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The election announcement states:

Our general criteria for moderators are as follows:

  • patient and fair
  • leads by example
  • shows respect for their fellow community members in their actions and words
  • open to some light but firm moderation to keep the community on track and resolve (hopefully) uncommon disputes and exceptions

In my own experience with Stack Overflow (which changed over the last years from "wow, fantastic" to "wtf") I would tend to vote for those nominees which showed patient and fair, leadership by example and showed respect.

Therefore personally I would vote for those where I can see what they have downvoted (and provided a reason for, no anonymous downvotes). They voted for closing questions that were justified.

More and more often I stumble across questions which were closed for no reason. Well, reasons told: not a meaningful question, duplicate of X,....

More and more often those questions are no duplicates of others (because some important detail is different). Sometimes they are duplicates but the other question was asked years later.

More and more often those questions are closed as not meaningful. They were asked in one or two sentences but perfectly and fully described the problem. Example (It is one method call in c# and if you need to cancel this task you understand the question).

So, is there a way to see the behaviour of the nominees in the past in order to evaluate it? This may improve to elect moderators which make Stack Overflow great again and not a nightmare of unanswered closed questions with a bunch of unexplained anonymous downvotes.

closed as too broad by TylerH, HaveNoDisplayName, Sagar V, Toto, EJoshuaS - Reinstate Monica Jul 24 '17 at 18:34

Please edit the question to limit it to a specific problem with enough detail to identify an adequate answer. Avoid asking multiple distinct questions at once. See the How to Ask page for help clarifying this question. If this question can be reworded to fit the rules in the help center, please edit the question.

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    are you talking about voting behaviour as in upvote/downvote or close voting of posts? Voting behaviour is anonymous – Suraj Rao Jul 20 '17 at 6:26
  • Well, "patient", "fair", "justified" - Those are subjective term, and what you think is fair doesn't must make it fair. You can cast your vote if you think a question should be reopened, you can upvote a question that you think is good. – Alon Eitan Jul 20 '17 at 6:34
  • @suraj I am talking about both. But voting shouldn't be anonymous and shouldn't be able to do without providing a reason. And although it is anonymous SO knows who voted for what (you can't vote multiple times the for the same question/answer). A provided statisti for the nominees would help (e.g. 500 downvotes, 5% without reason) – monty Jul 20 '17 at 6:37
  • @AlonEitan well at least one can see that it isn't fair if the question describes the problem but is closed as not meaningful or closed as duplicate of a question posted later on (which should be prevented by SO design anyway) – monty Jul 20 '17 at 6:44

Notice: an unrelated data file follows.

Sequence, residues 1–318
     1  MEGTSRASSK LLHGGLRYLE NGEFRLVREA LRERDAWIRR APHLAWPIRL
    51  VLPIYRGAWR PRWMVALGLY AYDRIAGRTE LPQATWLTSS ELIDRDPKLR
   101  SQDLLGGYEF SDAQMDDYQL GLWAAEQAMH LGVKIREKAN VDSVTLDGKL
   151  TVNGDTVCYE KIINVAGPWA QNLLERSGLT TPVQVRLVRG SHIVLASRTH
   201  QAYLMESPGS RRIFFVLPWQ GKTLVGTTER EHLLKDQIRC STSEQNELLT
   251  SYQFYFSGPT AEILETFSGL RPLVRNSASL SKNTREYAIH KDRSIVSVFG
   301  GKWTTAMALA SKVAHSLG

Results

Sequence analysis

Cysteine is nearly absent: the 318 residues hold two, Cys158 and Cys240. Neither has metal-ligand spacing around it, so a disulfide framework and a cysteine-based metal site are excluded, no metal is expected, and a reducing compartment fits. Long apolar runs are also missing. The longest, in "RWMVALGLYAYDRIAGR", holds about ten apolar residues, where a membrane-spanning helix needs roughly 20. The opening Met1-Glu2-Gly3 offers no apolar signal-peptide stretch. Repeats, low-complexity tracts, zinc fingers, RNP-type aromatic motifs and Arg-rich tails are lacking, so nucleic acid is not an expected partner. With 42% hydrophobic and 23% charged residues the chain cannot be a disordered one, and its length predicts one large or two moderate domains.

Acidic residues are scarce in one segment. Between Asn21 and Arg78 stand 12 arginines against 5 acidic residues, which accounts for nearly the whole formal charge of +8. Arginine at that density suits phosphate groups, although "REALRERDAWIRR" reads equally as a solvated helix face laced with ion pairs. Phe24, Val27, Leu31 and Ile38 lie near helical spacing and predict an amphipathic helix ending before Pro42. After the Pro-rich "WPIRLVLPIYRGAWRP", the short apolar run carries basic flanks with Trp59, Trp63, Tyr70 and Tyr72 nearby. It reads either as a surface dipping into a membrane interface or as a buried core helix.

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    But we close/downvote questions that show lack of effort and research on behalf of the OP (duplicate, too broad, missing MCVE, etc) Some guidelines must be followed when asking a question here. I don't need others to judge me based on my voting patterns, and I won't provide a reason for any lame question that I downvote. And I certainly don't expect a moderator to do it as well – Alon Eitan Jul 20 '17 at 6:47
  • @AlonEitan So this question/discussion is a duplicate or researched badly? Count the downvotes received during the first 30 minutes.... :-) – monty Jul 20 '17 at 6:50
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    @monty NO - On Meta we upvote questions that we like/agree with, and downvoted questions that we don't. Voting is different on Meta and does not affect on your overall reputation – Alon Eitan Jul 20 '17 at 6:52
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    Moderators do not have 'supervotes'; their up and downvotes count no more or less than any other community members. How a moderator votes is of no more concern to anyone else as how a regular member votes. Moderators do see the underbelly of SO exposed much more than regular members perhaps do, so it is normal for moderators to downvote more once elected. I fail to see how someone's voting behaviour tells you how they'd act fair and patient and respectful when having to deal with a confilct or when dealing with plagiarism accusations or the actual work that a moderator has to perform. – Martijn Pieters Jul 20 '17 at 7:48
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    The aggregate voting behaviour is public, right there on everyone's profile. I'd be far more worried about those numbers than individual votes. If someone never downvotes, that'd be a huge red flag to me. Don't they want to deal with bad content? Are they afraid of confrontation? Same for no upvotes. – Martijn Pieters Jul 20 '17 at 7:50
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    As for close votes: those are public once a post is closed. If there are controversial closes, perhaps look at how someone then handles the controversy, that's far more important than the voting itself. – Martijn Pieters Jul 20 '17 at 7:51
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    In 6 years you didn't learn enough about SO and Meta.so to have this position ? Seems you didn't search either to be surprised by the voting pattern on meta. Asking for a change with so few knowledge on a community sounds just a rant over something you don't like but not something constructive at all. – Tensibai Jul 20 '17 at 7:51